Bolivia crisis death toll rises
Bolivia's government says the number of people killed in recent clashes between supporters of President Evo Morales and opposition groups has risen to 28, reported BBC.
Interior Minister Alfredo Rada said a further 10 bodies had been found in Pando province following the "massacre" of pro-government farmers on Thursday.
Pando Governor Leopoldo Fernandez has been accused of ordering the attack.
A state of emergency remains in the province, where troops have retaken control of the capital, Cobija.
Meanwhile, neighbouring Chile called an emergency meeting of the Union of South American Nations to help promote a democratic solution to the crisis before it spreads throughout the region.
The conflict has arisen over radical plans by President Evo Morales to re-distribute the country's wealth and give a greater voice to the large indigenous community.
It later escalated when Mr Morales expelled the US ambassador from Bolivia, accusing him of stoking anti-government sentiment. The US says the accusation is baseless.
The BBC's Daniel Schweimler in the eastern city of Santa Cruz says sporadic clashes between the two sides has continued in northern and eastern areas.
Earlier, the interior minister said a further 10 bodies had been found in Pando following Thursday's "massacre" of government supporters, in which 16 others were already known to have died.
Mr Rada said the government had ordered the arrest of Governor Fernandez, who the president accused on Saturday of hiring "Brazilian and Peruvian assassins" to carry out the "ambush".
A local farmers' leader, Shirley Segovia, told Erbol radio that the victims "were killed like pigs, with machine guns, with rifles, with shotguns, with revolvers".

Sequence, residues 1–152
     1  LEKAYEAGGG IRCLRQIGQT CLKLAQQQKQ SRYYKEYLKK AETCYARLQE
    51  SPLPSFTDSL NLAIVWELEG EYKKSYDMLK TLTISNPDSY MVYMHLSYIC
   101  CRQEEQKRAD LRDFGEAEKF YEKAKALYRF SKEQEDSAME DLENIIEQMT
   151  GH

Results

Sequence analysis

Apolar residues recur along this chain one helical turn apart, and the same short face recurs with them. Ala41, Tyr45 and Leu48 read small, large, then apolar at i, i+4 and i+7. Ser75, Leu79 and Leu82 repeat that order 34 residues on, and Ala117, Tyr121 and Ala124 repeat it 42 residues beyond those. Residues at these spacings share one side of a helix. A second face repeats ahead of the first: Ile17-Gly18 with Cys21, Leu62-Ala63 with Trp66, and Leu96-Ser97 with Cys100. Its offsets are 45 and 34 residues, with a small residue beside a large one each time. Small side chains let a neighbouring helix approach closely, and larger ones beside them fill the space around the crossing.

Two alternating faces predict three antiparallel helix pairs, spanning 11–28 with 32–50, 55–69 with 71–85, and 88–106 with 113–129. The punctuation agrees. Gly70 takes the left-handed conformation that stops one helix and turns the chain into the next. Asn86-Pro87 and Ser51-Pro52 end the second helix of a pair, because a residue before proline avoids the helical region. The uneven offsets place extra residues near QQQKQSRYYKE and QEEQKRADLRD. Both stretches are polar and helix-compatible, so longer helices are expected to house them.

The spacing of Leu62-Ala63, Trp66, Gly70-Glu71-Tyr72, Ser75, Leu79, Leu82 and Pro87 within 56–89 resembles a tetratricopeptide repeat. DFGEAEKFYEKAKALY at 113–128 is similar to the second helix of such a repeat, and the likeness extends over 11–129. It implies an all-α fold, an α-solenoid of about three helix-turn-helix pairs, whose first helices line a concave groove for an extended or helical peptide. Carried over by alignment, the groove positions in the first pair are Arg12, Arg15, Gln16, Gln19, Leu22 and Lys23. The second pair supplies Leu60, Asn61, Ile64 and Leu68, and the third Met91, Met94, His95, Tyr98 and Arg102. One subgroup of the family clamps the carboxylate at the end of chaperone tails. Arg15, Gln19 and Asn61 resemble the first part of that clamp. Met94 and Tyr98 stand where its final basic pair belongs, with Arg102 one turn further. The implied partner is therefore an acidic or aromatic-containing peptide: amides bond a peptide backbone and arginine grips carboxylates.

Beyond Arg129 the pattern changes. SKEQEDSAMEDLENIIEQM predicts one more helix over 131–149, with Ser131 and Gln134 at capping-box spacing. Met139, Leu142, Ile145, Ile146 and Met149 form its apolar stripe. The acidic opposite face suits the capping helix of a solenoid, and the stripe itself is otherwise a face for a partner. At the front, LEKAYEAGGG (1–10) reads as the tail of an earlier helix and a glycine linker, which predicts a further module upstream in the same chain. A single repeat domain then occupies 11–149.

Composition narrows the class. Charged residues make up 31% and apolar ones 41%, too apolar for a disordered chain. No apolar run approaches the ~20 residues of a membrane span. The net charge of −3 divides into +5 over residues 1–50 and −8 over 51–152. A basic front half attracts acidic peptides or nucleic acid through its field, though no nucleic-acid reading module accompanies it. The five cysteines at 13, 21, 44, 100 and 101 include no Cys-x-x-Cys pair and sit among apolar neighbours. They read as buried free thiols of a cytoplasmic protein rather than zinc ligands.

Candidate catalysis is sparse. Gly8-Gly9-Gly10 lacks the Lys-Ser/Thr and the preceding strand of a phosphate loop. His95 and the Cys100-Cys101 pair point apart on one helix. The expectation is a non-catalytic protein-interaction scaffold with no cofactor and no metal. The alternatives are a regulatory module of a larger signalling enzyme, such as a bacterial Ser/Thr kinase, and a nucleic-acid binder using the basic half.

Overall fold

The Bolivian ambassador to the UK, Maria Beatriz Souviron Crespo, told the BBC that Mr Fernandez was "acting outside of the law".
"He's provoking violence in the region. We have lost many lives. And life is very precious, for this country, for this government, and for everybody," she said.
Mr Fernandez has denied having anything to do with the deaths, insisting they were the result of clashes between rival groups.
"The government has a great ability to distort things, and its arguments are always the same - accusations without reason," he told Radio Fides.
Another two people were killed on Friday at Pando's main airfield as government troops opened fire to disperse opposition protesters.
Opposition groups are demanding that the government cancel a planned constitutional referendum on 7 December that would give more power to indigenous and poor communities by carrying out land reform and redistributing gas revenues.
They and their supporters instead want greater autonomy as well as more control over revenues of natural gas in their areas.
Mr Morales, Bolivia's first indigenous president, has denounced those leading the protests as fascist and racist elements that are determined to overthrow him.
He has also said he would not hesitate to extend the state of emergency in Pando to the other three opposition-controlled provinces in the east of the country.